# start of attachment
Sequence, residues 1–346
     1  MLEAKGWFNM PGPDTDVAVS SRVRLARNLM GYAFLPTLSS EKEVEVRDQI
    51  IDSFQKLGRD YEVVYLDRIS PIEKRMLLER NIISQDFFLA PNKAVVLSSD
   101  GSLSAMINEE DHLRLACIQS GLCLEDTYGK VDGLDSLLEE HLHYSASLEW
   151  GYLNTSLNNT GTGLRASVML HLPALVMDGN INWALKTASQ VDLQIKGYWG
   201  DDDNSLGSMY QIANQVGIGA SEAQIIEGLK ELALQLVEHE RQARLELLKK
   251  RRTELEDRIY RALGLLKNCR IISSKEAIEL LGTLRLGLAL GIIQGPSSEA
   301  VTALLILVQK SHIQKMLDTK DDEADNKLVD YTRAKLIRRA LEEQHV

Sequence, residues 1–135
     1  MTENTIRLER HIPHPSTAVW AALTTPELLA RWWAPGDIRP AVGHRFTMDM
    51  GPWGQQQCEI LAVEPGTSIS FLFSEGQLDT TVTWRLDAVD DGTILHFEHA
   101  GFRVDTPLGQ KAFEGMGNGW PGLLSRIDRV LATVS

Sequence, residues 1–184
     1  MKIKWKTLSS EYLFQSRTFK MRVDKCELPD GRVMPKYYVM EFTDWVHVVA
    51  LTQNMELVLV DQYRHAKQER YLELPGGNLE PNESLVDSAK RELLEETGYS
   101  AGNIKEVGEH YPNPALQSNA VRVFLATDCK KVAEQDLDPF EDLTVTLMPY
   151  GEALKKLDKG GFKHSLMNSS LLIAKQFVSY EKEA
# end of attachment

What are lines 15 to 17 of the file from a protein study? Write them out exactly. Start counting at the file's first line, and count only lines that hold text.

    51  LTQNMELVLV DQYRHAKQER YLELPGGNLE PNESLVDSAK RELLEETGYS
   101  AGNIKEVGEH YPNPALQSNA VRVFLATDCK KVAEQDLDPF EDLTVTLMPY
   151  GEALKKLDKG GFKHSLMNSS LLIAKQFVSY EKEA